Now, I’m at Brown and finding myself in a transitional moment. Though we’re all working on plays, everyone here is approaching writing in very different ways. We don’t even have a definition of what a play is, so there’s lots of room to experiment. We’re allowed to play, which is, in a way, what learning is. I’m finding so many intersections and a lot of inspiration from different kinds of writing that I feel will be very influential on the future of my writing life.
SM: I’m going to switch gears a bit, because earlier this week I had the opportunity to attend a staged reading of your recent play, Dijla Wal Furat, Between the Tigris and The Euphrates at the 86th Street Armory. Your approach to the work felt very exciting. I often think of interiority as being something difficult to convey clearly through live theatre, where a character’s motives must be discerned through their actions. But in Dijla Wal Furat you’ve created a separate role to represent the interior landscape of one of the characters, thereby making his emotional state as directly available to the audience as it might be in poetry or prose. Can you speak about your writing practice and the relationship between poetry and theatre for you?
MD: Dijla Wal Furat is itself very poetic, being influenced by Edward Hirsch’sGabriel and Yehuda Amichai’s The Diameter of the Bomb. It was written mostly as a broken Terza Rima. I am not able to write plays without consulting poetry. For me playwriting is an extension of my poetry, but the plays allow me to explore human fallacy in a different way than I do with my poems. That has to do with the addition of live actors on stage who bring the written word literally to life. I’ve fallen in love with that. The plays I am thinking through now are being conceived through the lens of poetry.
SM: Can you talk more about this? How do you reach for poetry through playwriting?
MD: I focus on dialogue and traditional play structures, but poetry is in-built. I can’t write another way. I’m very conscious about how my lines move—how they look on the page. They look like poems and I do that on purpose. I’m conscious of the way the dialog moves. Sometimes a monologue is required, but for the most part I write very short lines, and I think of them as extremely poetic.
In the program at Brown, four of the six students consider themselves to be poets in addition to playwrights (we also have a composer and a professional clown!). I’ve been encouraging some of the other students to write books of poetry as well as plays. This is in part because it’s a way to reach another audience, but also because they are just such great poets. We talk about poetry as much as we talk about plays, and that is fascinating to me.
SM: That sounds like a very generative place to be writing from. When we spoke at the Armory, you mentioned another way in which Brown’s MFA is unique for you. It’s the first program you’ve participated in where conversations about writing have been explicitly grounded in race. How has this experience changed your relationship to writing (if at all)
MD: The experience of Brown is new for me. There exists on this campus and in my program a willingness to talk critically about structural racism and to take steps to address and correct what has been noted. I am still trying to locate my footing in these conversations but the discourse we’re engaged in is not happening in a vacuum—[it] is reflective of larger conversations in the field. With my own work, I try to write plays that reflect the communities that I know. So those plays will often have people of Caribbean descent in them. Entire scenes might be in Spanish or French.
SM: I respect your practice of allowing a culture to exist more or less within its own terms. From my own experiences as a service member, I wonder how possible it is to represent a range of characters in a military setting that feels true to your experience without using racist and sexist language. (One example might be the term “hajji,” which is used frequently and easily by U.S. soldiers, especially while deployed, to refer to people of Middle Eastern and in particular Iraqi and Afghani descent.) Is it important for you to critique this language—and perhaps military culture by extension—even as you use it?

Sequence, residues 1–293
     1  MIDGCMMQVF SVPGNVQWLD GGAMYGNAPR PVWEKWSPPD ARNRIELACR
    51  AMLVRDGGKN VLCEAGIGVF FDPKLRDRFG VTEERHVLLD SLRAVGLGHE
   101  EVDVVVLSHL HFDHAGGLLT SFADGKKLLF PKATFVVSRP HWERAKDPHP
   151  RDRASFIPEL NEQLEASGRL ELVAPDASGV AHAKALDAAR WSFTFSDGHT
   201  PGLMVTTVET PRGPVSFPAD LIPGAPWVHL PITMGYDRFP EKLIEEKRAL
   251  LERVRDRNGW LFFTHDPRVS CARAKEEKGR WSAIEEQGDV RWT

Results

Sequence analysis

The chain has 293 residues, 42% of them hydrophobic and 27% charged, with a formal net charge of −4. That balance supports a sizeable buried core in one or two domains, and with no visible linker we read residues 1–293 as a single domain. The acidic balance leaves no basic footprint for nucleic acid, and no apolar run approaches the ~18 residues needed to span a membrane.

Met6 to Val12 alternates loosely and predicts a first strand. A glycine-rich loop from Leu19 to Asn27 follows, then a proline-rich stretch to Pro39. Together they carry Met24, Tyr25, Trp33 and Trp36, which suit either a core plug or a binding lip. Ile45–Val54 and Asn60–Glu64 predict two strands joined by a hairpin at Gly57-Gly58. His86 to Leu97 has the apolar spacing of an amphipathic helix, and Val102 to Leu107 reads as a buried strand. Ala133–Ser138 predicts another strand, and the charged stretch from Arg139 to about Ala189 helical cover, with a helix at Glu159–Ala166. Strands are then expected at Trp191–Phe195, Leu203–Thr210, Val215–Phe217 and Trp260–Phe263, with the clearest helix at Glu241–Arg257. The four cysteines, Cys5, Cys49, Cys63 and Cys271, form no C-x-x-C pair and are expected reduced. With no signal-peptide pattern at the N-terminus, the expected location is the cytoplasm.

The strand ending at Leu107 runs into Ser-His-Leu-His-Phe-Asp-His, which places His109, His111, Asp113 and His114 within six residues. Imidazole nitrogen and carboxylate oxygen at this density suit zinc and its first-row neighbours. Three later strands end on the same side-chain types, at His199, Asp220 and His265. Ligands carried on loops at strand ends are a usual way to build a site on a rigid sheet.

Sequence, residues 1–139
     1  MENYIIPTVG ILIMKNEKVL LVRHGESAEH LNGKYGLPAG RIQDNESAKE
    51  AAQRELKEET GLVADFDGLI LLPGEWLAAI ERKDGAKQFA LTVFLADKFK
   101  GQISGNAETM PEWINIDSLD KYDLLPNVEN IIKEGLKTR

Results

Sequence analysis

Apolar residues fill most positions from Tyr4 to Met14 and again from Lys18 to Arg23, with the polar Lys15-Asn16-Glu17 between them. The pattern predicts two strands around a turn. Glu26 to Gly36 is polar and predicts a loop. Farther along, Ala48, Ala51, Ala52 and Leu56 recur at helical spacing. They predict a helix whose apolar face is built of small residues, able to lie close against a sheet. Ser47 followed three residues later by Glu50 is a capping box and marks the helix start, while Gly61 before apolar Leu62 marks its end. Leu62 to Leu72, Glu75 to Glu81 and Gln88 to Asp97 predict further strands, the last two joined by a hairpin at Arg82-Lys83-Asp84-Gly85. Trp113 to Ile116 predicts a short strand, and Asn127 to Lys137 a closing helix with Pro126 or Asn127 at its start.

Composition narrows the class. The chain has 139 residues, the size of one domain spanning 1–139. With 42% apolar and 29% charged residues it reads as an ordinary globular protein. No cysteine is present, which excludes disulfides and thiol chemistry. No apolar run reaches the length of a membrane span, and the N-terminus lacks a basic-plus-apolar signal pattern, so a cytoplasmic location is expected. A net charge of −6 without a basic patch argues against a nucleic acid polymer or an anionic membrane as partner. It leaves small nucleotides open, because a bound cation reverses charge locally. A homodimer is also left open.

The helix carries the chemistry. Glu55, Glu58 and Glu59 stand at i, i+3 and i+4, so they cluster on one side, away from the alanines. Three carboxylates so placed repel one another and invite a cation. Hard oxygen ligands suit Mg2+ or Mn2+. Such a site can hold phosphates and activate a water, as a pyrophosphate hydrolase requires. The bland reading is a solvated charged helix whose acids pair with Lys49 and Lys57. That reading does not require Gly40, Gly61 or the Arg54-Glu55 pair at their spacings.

MD: Good question. I had a real difficult time using the term Hajji in Dijla Wal Furat. Most of the drafts were written without that word but in doing so I realized that I was being dishonest to the lexicon of the Marines and that this was a disservice to the play and to the audience. So I went back and edited it in. If you notice, the character Ortega refrains from using the term until much later when, in a moment of anger, despair, and frustration, it slips from his mouth. He immediately corrects himself because he knows the implication of that type of language. The characters do this throughout the play. At times they say the meanest, vilest things, but they self-correct as the war unfolds in front of them. They self-correct as they realize they are part of a machine that has laid the country to waste. They self-correct once they realize their roles [in that], and begin to feel remorse.
SM: In addition to writing about situations in the military, you write alongside other veterans. I’m thinking specifically about your work with the Holding it Down: The Veterans’ Dreams Project. Can you talk about that collaborative work?
MD: Holding it Down is the result of a Creative Capital grant awarded to composer Vijay Iyer. Vijay and [poet/performer] Mike Ladd wanted to examine post-9/11 America from the perspective of the dreams of people of color who have served in the Iraq War—not by just using their stories or regarding them as interview subjects, but by having their voices directly involved as collaborators. Mike found some of my work online and reached out to me. Dreams were selected because dreams are something ubiquitous; we all dream.
Holding it Down is a music and poetry collaboration. For the libretto Lynn Hill, who is an Air Force veteran, and I wrote poems based on our dreams. We had very different dreams. Lynn brought aspirational dreams that balanced the show—dreams of making a family, buying a house. Her contribution changed the tone of the piece.
Our director Patricia McGregor was also instrumental, as she brought shape to the production. The poems were not necessarily connected, but Patricia was able to find the themes and craft a narrative. It would be impossible to do this kind of work without so many of the people involved.
SM: What are your next steps with Holding it Down?
MD: The next show is in Philadelphia in April. The Kimmel Center there has been doing lots of engagement with vets in Philly, conducting writing workshops through Warrior Writers, a local veterans service organization. They’ve been meeting since October—coming together, writing their stories.
The Philadelphia International Festival of the Arts presents Holding it Down: The Veterans’ Dreams Project on April 22, 2016.
Maurice Emerson Decaul’s poem “Crescent City” appears in Issue 10 of The Common, and his poem “Street Music” appears in The Common Online.
Saretta Morgan is an MFA candidate at Pratt Institute. She lives in Brooklyn.
Photo credits: Image of Hotel Monteleone, New Orleans; Creative Commons. Headshot courtesy of author.